With that in mind, the work still underscores some important lessons. For starters, it offers a sound piece of advice: cities considering a light rail system should strongly consider whether improving the local bus system would be cheaper and just as effective. It also provides yet another reminder of the irrational love people have for their cars; getting city residents to give up driving often requires more than just offering them a ride.

LA Observed: Traffic, bikes and the 405 (KCRW)

LA Observed Kevin Roderick’s weekly radio segment focuses on the lack of talk about traffic during the mayoral campaign. Voters seem interested, Roderick says, but it’s hard for any prospective mayor to credibly say they can fix traffic — thus the talk instead of providing alternatives to it, i.e. bikes and transit. Good segment.

The case for a higher gas tax (New York Times) 

Valerie J. Karplus, a research scientist in the Joint Program on the Science and Policy of Global Change at M.I.T., uses this op-ed piece to make the case that the only thing that will get Americans to drive less is more expensive gasoline. And by expensive she means a lot more than the current national average of $3.72. Excerpts:

But if our goal is to get Americans to drive less and use more fuel-efficient vehicles, and to reduce air pollution and the emission of greenhouse gases, gas prices need to be even higher. The current federal gasoline tax, 18.4 cents a gallon, has been essentially stable since 1993; in inflation-adjusted terms, it’s fallen by 40 percent since then.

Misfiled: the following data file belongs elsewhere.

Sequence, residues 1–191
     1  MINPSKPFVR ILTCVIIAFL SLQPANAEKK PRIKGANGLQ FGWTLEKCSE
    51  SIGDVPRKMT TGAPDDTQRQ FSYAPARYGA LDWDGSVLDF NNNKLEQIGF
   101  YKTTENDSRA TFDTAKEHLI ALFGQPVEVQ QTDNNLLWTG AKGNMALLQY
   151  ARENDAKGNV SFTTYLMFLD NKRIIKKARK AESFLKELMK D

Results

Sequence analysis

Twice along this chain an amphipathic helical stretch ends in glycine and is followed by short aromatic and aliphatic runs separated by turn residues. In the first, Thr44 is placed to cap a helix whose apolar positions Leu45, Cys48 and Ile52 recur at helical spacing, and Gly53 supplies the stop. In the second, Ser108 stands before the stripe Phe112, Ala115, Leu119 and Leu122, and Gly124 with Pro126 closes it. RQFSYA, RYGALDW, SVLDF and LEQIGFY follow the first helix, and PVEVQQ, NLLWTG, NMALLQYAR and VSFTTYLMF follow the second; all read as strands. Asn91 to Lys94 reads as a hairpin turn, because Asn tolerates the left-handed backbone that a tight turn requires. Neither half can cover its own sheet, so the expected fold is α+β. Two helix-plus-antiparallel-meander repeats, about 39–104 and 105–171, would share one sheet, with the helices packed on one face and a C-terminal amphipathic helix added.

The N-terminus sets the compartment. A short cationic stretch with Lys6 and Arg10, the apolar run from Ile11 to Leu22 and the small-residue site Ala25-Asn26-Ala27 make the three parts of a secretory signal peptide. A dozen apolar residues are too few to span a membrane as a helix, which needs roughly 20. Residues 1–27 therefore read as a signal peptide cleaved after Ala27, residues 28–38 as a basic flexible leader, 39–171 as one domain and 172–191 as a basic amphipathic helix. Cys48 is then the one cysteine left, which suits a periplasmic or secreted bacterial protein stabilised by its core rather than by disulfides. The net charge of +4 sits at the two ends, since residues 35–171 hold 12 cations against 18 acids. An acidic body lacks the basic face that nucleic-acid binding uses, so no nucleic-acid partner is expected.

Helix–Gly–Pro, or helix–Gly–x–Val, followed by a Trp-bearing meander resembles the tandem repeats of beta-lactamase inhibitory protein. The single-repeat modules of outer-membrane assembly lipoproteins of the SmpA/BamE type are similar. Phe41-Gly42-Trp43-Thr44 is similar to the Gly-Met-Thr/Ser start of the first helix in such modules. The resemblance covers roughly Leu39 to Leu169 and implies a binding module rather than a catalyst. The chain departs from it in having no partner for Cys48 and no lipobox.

Politicians of both parties understandably fear that raising the gas tax would enrage voters. It certainly wouldn’t make lives easier for struggling families. But the gasoline tax is a tool of energy and transportation policy, not social policy, like the minimum wage.

She argues that President Obama took the easier path by greatly raising the fuel efficiency requirements of new vehicles — something that won’t reduce driving much or raise much money for infrastructure improvements. I do think the new standards, however, have a good chance of greatly reducing air pollution in our region. But if driving greatly increases, then those gains could be for naught.

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Transportation headlines, Tuesday, Feb. 5

Here is a look at some of the transportation headlines gathered by us and the Metro Library. The full list of headlines is posted on the Library’s Headlines blog, which you can also access via email subscription or RSS feed.

ART OF TRANSIT: The subway at the Civic Center/Grand Park Station. Photo by Steve Hymon/Metro.

ART OF TRANSIT: The subway at the Civic Center/Grand Park Station. Photo by Steve Hymon/Metro.

Fare inspections are up, fare infractions are down (Buzzer blog)